Answer the questions below as fully as possible within the limits given. Applications should be sent to EllaBakerInterns@gmail.com and copied to email@example.com and firstname.lastname@example.org. If you do not receive confirmation within 48 hours, please re-send.
1. Please list your name, age, school, college or university where you are enrolled, your email address, telephone number, permanent home address, and whether you will have access to a car during the summer or campaign. (A car is not absolutely required. We just need to make transportation arrangements.)
2. Name and briefly describe any personal or family contacts you have in the 20-county eastern North Carolina Black Belt, not to exceed ten persons. (If you do not have any contacts in the region, please do not feel like you need to explain.)
3. Name any institutional, church, political or group affiliations in this region that you or members of your immediate family currently hold. If you or your family members hold any offices in these organizations, please indicate that.
4. List the three or four most important skills or qualities that you bring to the struggle for eastern North Carolina’s future.
5. List the three or four most important things that a new friend or co-worker should know about you.
6. Write a paragraph describing a specific individual who knows you well. Then write a paragraph about how that person would describe you. (limit of 500 words total)
7. List complete contact information of four people who have agreed to provide references for you. Only one should be a family member. At least one should be a current or recent teacher. All references should know you well; pastors, coaches, employers, teachers, or guidance counselors may be good choices.
8. Please attach a one-page resume.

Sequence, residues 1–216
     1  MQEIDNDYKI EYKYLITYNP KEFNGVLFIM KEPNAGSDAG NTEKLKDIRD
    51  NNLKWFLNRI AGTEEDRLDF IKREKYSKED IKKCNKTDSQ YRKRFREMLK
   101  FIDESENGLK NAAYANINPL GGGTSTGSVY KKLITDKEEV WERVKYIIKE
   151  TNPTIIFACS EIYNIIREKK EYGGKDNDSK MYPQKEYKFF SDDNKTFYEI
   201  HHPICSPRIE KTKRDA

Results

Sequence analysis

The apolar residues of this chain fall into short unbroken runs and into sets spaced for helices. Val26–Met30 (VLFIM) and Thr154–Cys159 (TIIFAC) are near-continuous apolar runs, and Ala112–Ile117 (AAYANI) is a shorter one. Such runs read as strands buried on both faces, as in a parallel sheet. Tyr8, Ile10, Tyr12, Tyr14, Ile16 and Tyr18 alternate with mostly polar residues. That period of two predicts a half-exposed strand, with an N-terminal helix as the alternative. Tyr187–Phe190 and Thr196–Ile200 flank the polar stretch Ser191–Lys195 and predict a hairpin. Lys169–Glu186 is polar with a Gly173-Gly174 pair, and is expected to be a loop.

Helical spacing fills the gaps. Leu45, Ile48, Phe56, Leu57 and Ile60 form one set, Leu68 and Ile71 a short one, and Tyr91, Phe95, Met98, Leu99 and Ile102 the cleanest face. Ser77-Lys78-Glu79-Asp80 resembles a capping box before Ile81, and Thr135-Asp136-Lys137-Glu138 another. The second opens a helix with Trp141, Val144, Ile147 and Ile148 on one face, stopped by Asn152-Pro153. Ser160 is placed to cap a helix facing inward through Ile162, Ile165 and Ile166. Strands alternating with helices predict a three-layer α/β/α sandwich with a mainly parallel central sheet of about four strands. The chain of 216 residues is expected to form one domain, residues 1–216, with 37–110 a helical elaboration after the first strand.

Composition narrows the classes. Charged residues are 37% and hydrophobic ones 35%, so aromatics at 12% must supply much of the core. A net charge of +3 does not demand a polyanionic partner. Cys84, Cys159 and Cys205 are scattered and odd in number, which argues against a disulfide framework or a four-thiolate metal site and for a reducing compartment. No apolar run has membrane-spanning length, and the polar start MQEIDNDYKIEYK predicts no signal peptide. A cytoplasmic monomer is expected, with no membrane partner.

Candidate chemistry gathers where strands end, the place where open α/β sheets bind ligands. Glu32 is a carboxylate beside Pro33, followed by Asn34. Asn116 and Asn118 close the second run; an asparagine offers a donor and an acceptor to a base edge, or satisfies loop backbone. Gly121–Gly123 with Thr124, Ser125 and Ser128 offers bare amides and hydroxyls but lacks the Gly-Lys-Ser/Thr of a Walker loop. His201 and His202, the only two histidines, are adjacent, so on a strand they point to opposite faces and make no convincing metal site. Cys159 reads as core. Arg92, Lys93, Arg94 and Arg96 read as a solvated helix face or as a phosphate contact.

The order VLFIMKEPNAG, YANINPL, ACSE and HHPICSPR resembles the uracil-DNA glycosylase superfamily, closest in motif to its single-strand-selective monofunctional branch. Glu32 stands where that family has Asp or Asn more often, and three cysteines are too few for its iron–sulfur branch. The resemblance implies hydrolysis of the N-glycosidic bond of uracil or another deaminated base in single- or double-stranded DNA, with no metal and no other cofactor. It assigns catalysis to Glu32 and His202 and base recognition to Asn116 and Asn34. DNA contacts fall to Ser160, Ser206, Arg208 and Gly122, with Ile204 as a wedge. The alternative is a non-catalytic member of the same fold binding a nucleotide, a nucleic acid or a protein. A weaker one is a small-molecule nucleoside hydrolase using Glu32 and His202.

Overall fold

Faculty Biographical Information
Jennifer Dixon-McKnight is executive director of the Ella Baker Interns program. She is a graduate of the University of North Carolina at Chapel Hill and North Carolina Central University and holds B.A. degrees from both institutions in addition to a M.A. degree from NCCU. She has been part of the teaching team of “The South in Black and White” a public course in Southern history and culture taught every spring through the Center for Documentary Studies at Duke University, North Carolina Central University, UNC, Durham Technical Community College, North Carolina State University, and the Duke Divinity School for five years. She is currently a doctoral candidate in the Department of History at UNC, completing a dissertation on the civil rights-based labor movement in Charleston, South Carolina.
Timothy B. Tyson is Senior Research Scholar at the Center for Documentary Studies at Duke University and Visiting Professor of American Christianity and Southern Culture at Duke Divinity School, and also holds a faculty position in the Department of American Studies at the University of North Carolina at Chapel Hill. Best known for his prize-winning Blood Done Sign My Name, chosen for the UNC Summer Reading Program, Tyson serves on the executive boards of the North Carolina NAACP, the Center for Civil Rights at UNC Law School, and the Institute for Southern Studies. Tyson was Professor of Afro-American Studies at the University of Wisconsin-Madison from 1994 to 2004, when he came home to become the John Hope Franklin Senior Fellow at the National Humanities Center. In 2006, he founded “The South in Black and White” and continues his work with the teaching team. Along with gospel singer Mary D. Williams, Tyson has taught “Wilmington in Black and White” since 2007 at the historic Williston School.
Mary D. Williams, Adjunct Professor at the Center for Documentary Studies at Duke University and “gospel powerhouse,” is one of the great interpreters of the African American spirituals in the United States. She has been an African American history and culture educator and performer for twenty years and has traveled to more than 35 colleges and public universities, dozens of public schools and hundreds of churches. She has also appeared in two feature films and the play, “Blood Done Sign My Name” by Mike Wiley. Her scholarly presentation at the Afro-American Studies Colloquium at Luther College has evolved into her own forthcoming musical based on the life of Mahalia Jackson. Williams helped to found “The South in Black and White” since 2006 and taught it since 2006. Since 2007, she has also taught “Wilmington in Black and White” with Dr. Tyson. As Professor Craig Werner, chair of the Afro-American Studies Department, writes, “When you hear Mary D. Williams, you are hearing one of our greatest voices, but you are also hearing an historic chorus of the elders and the ancestors.”